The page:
back to article Clive Sinclair unveils 'X-1' battery pedalo bubble-bike

Famous home-computing pioneer, unsuccessful electric kart promoter and balding sugar-daddy Clive Sinclair has announced his latest product: a sit-down electric-assisted bicycle fitted with an egg-shaped plastic enclosed body. The Sinclair X-1. Credit: Sinclair Research Yes! It's the battery-assisted bubble chopper! The …


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  1. Anonymous Coward


    I would say JOKE ALERT ... but that would be pointing out the bleedin' obvious ...

    the X-1 isn't even clearly priced ... I sense failure ... = 595 = 999

    the man is clearly clueless ...

    1. Ascylto
      Big Brother


      This looks like an Apple currency exchange ... $595 = £999.

      Well, it costs more to do business in the UK.

  2. A Non e-mouse Silver badge

    WHY ?!?!?

    There's a fine line between genius and insanity. I think I know which side Mr. Sinclair is on.

    Anyone remember the BBC Program "Micro Men" ?

    1. MinionZero

      @Anyone remember the BBC Program "Micro Men"

      I very much remember the BBC Program "Micro Men". I've been waiting for about 2 years for it to appear on DVD because I loved that trip down memory lane so much, but they don't seem interested in releasing it on DVD.

      (If they are not going to release it on DVD then they can at least let us legally download it, as we pay bloody good money for the BBC and the BBC funded Micro Men, then why the hell can't we access what we have already paid to have created for us!) ... same goes for the other shows broadcast along with "Micro Men" like "Synth Britannia"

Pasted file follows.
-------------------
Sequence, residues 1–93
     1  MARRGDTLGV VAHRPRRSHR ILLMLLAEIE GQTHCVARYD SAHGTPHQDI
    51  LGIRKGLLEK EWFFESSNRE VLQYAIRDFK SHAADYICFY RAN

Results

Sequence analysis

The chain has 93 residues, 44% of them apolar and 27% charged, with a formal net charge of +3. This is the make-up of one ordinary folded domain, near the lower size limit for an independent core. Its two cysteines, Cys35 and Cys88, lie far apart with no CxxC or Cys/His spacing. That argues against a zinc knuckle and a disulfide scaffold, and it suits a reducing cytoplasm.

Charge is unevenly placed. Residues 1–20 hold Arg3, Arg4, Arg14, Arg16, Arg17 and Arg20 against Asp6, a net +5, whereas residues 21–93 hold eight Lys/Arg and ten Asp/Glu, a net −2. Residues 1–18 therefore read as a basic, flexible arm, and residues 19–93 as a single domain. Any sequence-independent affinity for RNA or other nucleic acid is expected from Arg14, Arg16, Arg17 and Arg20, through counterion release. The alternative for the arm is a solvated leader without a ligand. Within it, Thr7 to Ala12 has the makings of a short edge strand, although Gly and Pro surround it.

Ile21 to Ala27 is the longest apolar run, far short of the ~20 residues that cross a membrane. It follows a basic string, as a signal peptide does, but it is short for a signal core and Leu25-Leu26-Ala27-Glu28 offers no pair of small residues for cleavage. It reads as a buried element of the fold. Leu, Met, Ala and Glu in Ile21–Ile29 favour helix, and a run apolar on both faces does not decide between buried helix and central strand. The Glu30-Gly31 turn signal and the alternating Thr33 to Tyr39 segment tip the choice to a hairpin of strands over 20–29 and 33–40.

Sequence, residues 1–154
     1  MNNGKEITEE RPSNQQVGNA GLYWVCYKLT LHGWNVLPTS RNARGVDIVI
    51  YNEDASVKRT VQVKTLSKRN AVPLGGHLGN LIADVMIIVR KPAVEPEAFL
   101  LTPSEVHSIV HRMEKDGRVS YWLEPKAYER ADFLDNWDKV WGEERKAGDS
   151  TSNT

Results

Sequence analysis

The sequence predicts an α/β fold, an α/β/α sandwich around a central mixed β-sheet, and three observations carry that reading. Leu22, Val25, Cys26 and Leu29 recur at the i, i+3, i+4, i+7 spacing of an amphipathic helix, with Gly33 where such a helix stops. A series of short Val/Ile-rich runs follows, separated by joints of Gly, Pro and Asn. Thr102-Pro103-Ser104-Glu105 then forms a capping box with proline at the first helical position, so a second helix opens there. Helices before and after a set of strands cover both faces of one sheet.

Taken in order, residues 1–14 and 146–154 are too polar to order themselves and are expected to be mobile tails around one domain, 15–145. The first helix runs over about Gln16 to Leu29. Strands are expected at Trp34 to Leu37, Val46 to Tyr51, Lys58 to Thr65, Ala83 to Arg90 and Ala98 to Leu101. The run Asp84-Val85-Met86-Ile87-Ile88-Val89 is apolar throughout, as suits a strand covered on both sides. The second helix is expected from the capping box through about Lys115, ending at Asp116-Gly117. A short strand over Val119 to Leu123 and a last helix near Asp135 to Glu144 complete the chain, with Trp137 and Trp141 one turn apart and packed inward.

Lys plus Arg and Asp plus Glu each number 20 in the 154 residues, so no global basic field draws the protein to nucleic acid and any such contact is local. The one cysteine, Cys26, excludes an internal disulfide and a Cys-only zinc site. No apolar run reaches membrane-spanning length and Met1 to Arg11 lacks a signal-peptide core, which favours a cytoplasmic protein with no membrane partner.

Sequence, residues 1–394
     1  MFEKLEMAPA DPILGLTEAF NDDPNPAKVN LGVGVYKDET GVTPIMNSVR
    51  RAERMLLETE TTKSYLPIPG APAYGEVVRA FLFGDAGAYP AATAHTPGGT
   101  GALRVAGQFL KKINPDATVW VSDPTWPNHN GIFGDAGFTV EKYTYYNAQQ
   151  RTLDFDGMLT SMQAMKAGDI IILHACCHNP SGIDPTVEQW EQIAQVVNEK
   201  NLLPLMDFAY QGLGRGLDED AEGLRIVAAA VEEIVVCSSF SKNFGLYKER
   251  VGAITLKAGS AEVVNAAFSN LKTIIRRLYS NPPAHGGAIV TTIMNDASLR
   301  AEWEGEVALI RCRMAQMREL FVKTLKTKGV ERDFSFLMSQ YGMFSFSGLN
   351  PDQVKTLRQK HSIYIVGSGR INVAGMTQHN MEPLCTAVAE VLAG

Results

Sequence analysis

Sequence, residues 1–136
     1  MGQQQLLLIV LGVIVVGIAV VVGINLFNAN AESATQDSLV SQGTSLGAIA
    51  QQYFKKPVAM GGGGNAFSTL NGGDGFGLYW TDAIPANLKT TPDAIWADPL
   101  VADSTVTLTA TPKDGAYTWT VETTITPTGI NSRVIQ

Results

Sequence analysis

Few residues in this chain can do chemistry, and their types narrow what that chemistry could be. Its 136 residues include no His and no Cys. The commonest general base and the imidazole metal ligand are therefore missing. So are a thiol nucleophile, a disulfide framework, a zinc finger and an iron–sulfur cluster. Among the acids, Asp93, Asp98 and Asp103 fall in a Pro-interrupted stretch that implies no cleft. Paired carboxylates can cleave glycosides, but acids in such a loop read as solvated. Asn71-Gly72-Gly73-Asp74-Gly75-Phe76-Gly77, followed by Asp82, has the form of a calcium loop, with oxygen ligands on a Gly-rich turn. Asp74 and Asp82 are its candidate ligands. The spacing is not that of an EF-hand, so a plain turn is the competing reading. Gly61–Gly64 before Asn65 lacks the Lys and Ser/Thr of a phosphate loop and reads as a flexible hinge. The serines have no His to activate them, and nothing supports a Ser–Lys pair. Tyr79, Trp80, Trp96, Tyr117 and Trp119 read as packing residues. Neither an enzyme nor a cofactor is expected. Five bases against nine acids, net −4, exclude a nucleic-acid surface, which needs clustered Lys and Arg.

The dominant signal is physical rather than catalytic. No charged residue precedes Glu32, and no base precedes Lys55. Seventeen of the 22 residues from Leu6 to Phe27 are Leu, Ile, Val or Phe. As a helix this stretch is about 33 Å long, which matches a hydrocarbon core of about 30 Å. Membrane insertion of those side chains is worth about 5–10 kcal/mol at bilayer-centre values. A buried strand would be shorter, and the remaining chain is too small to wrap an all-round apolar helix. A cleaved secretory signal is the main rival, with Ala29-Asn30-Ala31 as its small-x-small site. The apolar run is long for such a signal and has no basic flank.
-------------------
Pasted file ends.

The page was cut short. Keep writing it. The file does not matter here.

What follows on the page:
Yet they would seek to label and demonise us as pirates (and some would seek to punish us) if we try to download it, even though its already paid for by us!

      1. RichyS
        Thumb Up


        LaserDisc, surely.

        1. TeeCee Gold badge

          Re: LaserDisc

          Oh, come on! How could you possibly overlook Video2000 tape?

          The mullet hairpiece of video storage technology.

        2. LeBeourfCurtaine

          The Dream of LaserDisc

          LaserDisc was amazing at the time it came out. I was seriously considering buying one, but just as I could afford it DVD's came out and the rest is history...

          (Now I'm on Blu-Ray - the last of the hard copy formats, perhaps?)

      2. TeeCee Gold badge


        Keep an eye on the BBC channels with the cobwebs on 'em. It was broadcast a few months ago and given their predeliction for stuffing these highly-important digital channels with endless repeats dragged out of the Ark, I'm sure it'll crop up again and if you keep your DVD recorder ready, a DVD copy shall be yours.

        Back in the day, a letter* to the Beeb asking about repeat times would produce a "no plans" form response. But it would also produce a follow-up letter some time later (often quite a long time later, when you'd forgotten all about it) saying: "due to demand.....<bollocks, bollocks, bollocks> to be repeated, starting on <date> at <time>".

        I wonder if that trick still works? Not holding my breath here though, that seems waaaaaay too public service oriented for the Beeb to have kept it up.

        *An obsolete communications medium involving paper, crayons, little gummed pockets to put the paper in and small but extrinsically valuable labels to stick on them.

    2. Anonymous Coward
      Thumb Up


      And it was a bloody brilliant bit of telly visual enterteainment.

      I remember the "computer program" on sunday morning, i remember the very first program i typed in and then saved on my zx81.